Looking for a credible source to strengthen your article, blog post or white paper? Need a quote from an expert to bolster your case?
There’s an excellent source you may not have considered—LinkedIn. Chances are you have received dozens of emails from friends, colleagues and total strangers asking you to join LinkedIn. Turns out more than 17 million business professionals are using the networking site.
What does this mean for you as a writer?
Simply said there’s a goldmine of experts out there waiting to answer your questions. This article will reveal how to leverage LinkedIn to add expert proof to your written work.
There’s Gold In’ Them There Hills
There’s a nifty little LinkedIn feature called Answers. Answers allows you to post any question and the members of the wide universe of LinkedIn will answer the call.
I decided to use Answers as a prime source to write this article.
Here was my question: Does LinkedIn help you solicit quotable material for use in articles or white papers?
Journalists and book authors quickly replied. Interestingly, many total strangers outside my personal network provided excellent answers.
Award winning journalist Marty Weil had this to say:
I have been considering using LinkedIn for finding subjects to interview off-line. I contribute to a number of trade magazines, and it is a constant struggle to find quality content experts in education, manufacturing and food processing. Even today, as I work on a biodiesel feature, I’m having difficulty finding appropriate content experts. One of the traditional channels–working through PR departments at major companies–is becoming more difficult and less productive with each passing year.
I wouldn’t hesitate to interview someone recommended to me by someone in my LinkedIn network
LinkedIn might also be a good source of feature article ideas. As a freelance contributor to numerous industry publications, I’m constantly seeking viable article ideas to suggest to my editors. I’d like to harness the power of LinkedIn to uncover new trends, products, and/or business practices for this purpose.
Andrew Goodman, author of Winning Results with Google AdWords affirmed the reach of LinkedIn, explaining “There are so many people on here. You tend to get people with real expertise answering questions.”
Mark Amtower, author of Why Epiphanies Never Occur to Couch Potatoes added, “Many of the questions I have asked have been targeted to specific people in my network and the answers are generally much better.”
A Few Warnings and Tips for Soliciting Quotes
When you decide to tap into LinkedIn, consider the wisdom of those who have come before you.
Weil warns, “I would not recommend pulling quotes from a Q&A forum. Speeding up the process should not be the main concern–the quality and accuracy of the information you gather should be the top priority.”
Journalist Nettie Hartsock warned, “I have used LinkedIn for garnering some experts/analyst responses. However, I always make certain to identify that it will be used for an article, etc. and ensure that anyone that replies knows they are ‘on the record’ in regard to a specific query.”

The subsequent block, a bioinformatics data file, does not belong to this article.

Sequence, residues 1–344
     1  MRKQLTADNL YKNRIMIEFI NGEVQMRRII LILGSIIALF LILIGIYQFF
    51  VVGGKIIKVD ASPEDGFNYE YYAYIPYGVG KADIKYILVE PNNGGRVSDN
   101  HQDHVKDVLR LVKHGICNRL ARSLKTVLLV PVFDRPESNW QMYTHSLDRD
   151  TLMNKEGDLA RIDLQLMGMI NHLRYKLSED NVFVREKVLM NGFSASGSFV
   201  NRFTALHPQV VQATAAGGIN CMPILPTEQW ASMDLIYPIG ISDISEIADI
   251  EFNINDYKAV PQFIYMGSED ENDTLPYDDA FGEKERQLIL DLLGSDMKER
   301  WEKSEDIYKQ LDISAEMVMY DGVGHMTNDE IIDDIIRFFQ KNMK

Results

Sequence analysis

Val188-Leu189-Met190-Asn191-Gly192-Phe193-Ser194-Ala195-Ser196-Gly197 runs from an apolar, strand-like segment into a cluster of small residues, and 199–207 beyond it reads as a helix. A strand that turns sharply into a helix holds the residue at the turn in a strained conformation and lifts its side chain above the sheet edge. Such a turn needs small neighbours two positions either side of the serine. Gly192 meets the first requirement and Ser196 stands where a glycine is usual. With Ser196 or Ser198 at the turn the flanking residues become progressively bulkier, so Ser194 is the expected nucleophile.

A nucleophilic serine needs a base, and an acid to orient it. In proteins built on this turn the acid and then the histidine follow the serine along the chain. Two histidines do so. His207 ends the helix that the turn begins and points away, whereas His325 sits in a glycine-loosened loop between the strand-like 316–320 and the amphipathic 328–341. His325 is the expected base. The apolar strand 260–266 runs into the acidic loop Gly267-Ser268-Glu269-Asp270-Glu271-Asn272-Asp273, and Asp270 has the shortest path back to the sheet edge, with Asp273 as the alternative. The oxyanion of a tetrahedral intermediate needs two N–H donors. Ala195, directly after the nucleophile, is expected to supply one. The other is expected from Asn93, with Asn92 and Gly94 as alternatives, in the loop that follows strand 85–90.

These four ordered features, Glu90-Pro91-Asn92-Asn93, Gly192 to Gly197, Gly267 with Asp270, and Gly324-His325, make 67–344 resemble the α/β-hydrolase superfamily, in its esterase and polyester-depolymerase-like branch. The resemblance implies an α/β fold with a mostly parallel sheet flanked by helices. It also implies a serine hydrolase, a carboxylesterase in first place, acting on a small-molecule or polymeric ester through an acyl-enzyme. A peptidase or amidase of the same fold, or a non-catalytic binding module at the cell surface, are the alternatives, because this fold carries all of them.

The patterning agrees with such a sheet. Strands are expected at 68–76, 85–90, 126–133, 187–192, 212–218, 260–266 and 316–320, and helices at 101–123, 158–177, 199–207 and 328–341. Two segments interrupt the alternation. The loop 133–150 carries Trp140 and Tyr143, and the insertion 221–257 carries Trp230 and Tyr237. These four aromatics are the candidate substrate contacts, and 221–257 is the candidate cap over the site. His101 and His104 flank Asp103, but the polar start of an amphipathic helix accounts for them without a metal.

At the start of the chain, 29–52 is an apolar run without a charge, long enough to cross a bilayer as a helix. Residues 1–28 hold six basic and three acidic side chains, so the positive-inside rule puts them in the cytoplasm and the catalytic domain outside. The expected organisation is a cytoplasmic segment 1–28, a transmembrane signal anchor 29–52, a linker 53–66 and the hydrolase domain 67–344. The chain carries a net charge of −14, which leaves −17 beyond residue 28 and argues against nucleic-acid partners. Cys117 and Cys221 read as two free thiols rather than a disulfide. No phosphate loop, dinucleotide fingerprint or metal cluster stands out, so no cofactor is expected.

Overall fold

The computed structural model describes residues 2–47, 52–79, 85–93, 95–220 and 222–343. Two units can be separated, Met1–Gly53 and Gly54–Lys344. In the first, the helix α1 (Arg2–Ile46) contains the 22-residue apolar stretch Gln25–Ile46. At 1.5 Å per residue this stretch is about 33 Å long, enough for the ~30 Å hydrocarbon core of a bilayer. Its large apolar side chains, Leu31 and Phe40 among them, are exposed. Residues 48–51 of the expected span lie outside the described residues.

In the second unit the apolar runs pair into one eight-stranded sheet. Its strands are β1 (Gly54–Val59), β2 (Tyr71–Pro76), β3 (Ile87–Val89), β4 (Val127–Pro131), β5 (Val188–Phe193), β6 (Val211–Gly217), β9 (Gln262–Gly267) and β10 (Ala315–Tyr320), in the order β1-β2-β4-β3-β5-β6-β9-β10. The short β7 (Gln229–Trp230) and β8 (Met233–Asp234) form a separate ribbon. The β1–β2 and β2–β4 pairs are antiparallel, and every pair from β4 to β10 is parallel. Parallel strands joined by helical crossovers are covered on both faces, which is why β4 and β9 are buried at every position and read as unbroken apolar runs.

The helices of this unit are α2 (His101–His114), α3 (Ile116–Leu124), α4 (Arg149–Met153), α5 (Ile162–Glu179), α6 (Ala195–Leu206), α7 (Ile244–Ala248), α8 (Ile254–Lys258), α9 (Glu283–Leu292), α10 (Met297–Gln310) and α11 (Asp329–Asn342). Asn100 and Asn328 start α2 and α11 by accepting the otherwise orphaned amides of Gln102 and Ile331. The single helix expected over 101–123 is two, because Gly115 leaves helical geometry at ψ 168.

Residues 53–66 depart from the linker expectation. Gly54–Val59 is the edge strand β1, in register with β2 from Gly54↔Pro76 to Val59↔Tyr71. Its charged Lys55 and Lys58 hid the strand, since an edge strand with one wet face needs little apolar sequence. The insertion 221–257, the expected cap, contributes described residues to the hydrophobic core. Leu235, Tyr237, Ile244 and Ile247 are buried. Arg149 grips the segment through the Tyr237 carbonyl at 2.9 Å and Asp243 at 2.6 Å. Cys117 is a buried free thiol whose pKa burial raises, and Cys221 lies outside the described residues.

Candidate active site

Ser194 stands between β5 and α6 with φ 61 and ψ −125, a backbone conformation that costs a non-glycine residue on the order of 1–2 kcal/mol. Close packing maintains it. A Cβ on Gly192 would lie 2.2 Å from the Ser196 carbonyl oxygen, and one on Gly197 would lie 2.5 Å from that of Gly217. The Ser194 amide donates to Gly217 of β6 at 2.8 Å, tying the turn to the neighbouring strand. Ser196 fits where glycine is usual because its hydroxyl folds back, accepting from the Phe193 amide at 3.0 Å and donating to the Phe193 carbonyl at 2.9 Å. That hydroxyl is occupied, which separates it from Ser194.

Amtower adds, “Precise questions generate a higher percentage of better answers.”
Jason Alba, author of I’m on LinkedIn — Now What???: A Guide to Getting the Most OUT of LinkedIn provided me some great suggestions:
I would use LinkedIn Answers to reach out to my network to ask for quotes. Realizing LinkedIn in a tool to facilitate and encourage relationship nurturing, I would take it a step further and try to develop relationships with subject matter experts, so that they be valuable in future articles or blog posts.
You could ask a question like this:
“I’m working on an article (or blog post) regarding collecting quotes for articles. Do you have a good story or experience to share about this that I can use in my article? I will need your written permission and attribution for the article.”
Or like this:
“I’m working on an article (or blog post) regarding collecting quotes for articles. If you have experiences in collecting quotes please share here and let me know if we can chat about it on the phone or by e-mail.”
One gets the job done for now, the other allows me to enhance my source database.
A few other ideas for LinkedIn come from journalist Michelle Vranizan Rafter. Rafter suggests using LinkedIn:
As a contact manager for sources and potential sources. As I work on stories, I ask sources or the PR rep who set up the interview if they’re on LinkedIn. By doing this, I’m building up a virtual Rolodex of sources for future stories.
To find sources. I send group emails to subsets of the list when I’m looking for company examples in a certain industry or on a specific trend or issue. LinkedIn lets you slice and dice connections listed by geography or industry, which makes it easy to put group emails together. You can also hand pick a group of names to send a message to.
To find potential sources. In LinkedIn’s Answers section, use the keyword search function to find potential sources for stories by name, company name, etc. When I find someone that looks like they could be a subject matter expert and they have an email address listed on their LinkedIn profile, I send them a message directly.
A Wrap Up
When using LinkedIn to find and quote experts, consider the following:
- Fully disclose your intentions and ask permission to quote the expert
- Be as precise as possible with your question
- Personally thank people for responding, even if you do not use their answers
- Tag good answers to you posted question with the ‘Best Answers’ label to help folks understand what types of answers you are seeking
Will LinkedIn work for you this way? Be sure to let me know in the comments.